These trails are happy indeed.
The Shuswap Trail Alliance has created a website for hikers, bikers, horseback riders, snowshoers and cross-country skiers.
“Our goal has been to get folks to turn off their cars and get on their feet,” said Phil McIntyre-Paul, alliance project manager.
Some of the trails have been well known to local residents but others are more obscure, he said Wednesday.
Some have been maintained, some have signs, but a lot did not when the project to map and publicize the trails began, he said.
The alliance, which includes First Nations, regional district representatives, B.C. Parks and locals, began forming about eight years ago.
McIntyre-Paul said the group has pooled its resources and put up nearly 200 trail signs throughout the region.
Now it wants to make sure people find them.
Trail maps have been available at Shuswap Tourism and tourist information centres in the area for a few years. But now people can go online and get an idea of where there might be new trails, or even old ones they didn’t know about.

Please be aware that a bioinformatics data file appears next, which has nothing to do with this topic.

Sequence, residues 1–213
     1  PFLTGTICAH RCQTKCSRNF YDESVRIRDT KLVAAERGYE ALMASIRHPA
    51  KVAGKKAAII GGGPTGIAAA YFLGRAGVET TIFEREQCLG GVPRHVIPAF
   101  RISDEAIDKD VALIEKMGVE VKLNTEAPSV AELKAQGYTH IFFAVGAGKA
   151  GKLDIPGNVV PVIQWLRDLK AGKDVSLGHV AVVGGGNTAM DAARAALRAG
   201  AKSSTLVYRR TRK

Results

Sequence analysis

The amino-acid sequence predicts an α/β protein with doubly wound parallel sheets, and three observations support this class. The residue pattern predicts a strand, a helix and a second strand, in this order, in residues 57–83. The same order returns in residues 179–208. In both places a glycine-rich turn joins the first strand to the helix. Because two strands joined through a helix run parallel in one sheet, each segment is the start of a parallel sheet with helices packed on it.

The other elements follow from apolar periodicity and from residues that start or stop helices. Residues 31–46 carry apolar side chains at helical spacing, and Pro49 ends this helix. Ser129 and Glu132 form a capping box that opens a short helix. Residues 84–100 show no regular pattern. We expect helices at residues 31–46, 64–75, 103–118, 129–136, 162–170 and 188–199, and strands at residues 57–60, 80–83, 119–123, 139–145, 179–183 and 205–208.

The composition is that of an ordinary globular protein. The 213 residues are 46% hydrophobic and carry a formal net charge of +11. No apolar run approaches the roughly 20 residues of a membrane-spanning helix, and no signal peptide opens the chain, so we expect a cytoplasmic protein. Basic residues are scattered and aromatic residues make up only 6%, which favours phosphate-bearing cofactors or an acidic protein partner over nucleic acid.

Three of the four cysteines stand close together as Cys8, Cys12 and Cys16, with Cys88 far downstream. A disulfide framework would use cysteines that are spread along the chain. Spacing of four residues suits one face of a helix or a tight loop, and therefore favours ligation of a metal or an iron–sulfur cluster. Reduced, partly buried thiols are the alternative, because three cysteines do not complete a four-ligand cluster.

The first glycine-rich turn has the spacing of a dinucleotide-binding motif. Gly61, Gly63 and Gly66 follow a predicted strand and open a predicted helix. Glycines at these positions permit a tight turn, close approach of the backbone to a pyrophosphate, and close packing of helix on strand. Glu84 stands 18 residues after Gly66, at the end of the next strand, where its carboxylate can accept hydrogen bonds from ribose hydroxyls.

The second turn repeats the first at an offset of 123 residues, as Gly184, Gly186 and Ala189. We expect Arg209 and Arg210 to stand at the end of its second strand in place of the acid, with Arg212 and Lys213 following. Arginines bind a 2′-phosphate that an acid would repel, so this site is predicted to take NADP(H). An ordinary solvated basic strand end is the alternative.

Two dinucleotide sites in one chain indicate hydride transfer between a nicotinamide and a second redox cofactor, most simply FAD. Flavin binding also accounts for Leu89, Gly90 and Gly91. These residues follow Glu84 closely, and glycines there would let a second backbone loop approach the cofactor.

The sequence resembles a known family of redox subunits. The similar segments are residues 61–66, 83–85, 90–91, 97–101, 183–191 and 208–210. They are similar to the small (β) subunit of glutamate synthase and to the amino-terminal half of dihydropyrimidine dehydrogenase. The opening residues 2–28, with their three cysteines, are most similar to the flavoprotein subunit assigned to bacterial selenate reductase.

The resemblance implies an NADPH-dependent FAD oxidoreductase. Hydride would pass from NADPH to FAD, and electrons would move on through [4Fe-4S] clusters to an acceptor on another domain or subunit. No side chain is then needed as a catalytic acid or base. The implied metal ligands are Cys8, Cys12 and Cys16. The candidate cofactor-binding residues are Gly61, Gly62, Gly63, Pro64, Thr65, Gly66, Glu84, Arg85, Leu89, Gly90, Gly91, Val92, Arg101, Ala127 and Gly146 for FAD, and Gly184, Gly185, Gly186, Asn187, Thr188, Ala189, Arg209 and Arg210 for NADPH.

“People need to know they’re there,” he said.
The website includes maps to the trailheads, ratings (easy to most difficult), cautions (cliffs, wildlife, etc.) and length of the trail as well as estimated time to complete it.
“Some are more rustic, so we tried to grade them so people know what they’re getting into. And there are caution notes, especially for the alpine trails,” said McIntyre-Paul.
“We also want people to send in feedback.”
Comments, information on maintenance needed, and especially photos from the trails, are invited.
The trail mapping is still a work in progress, but the website is giving it a good push forward, he said.
And while the web site indicates land trails, or greenways, he’d like it to eventually include blueways — recommended trails for canoeing and kayaking.
The website is at www.shuswaptrails.com.